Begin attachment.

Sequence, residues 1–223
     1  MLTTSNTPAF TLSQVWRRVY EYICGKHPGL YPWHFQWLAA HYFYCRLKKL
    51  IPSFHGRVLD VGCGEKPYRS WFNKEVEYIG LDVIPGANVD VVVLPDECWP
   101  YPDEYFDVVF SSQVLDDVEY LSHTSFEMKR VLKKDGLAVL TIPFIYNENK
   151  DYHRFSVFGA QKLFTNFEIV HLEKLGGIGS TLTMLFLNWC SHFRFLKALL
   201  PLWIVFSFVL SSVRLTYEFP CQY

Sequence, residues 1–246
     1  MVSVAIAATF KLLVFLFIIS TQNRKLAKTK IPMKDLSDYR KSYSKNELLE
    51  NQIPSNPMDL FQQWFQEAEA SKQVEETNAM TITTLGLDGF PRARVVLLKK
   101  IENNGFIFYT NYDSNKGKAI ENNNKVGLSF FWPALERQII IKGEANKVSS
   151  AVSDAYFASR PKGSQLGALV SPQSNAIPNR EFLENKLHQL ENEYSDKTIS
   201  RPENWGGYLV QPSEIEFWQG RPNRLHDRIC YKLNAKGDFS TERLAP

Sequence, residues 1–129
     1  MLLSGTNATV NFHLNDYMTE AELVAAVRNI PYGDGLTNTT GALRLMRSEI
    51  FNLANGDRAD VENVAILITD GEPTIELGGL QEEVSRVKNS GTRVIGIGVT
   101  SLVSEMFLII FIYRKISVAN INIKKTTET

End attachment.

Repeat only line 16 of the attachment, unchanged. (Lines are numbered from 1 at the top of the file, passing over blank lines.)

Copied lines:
   101  SLVSEMFLII FIYRKISVAN INIKKTTET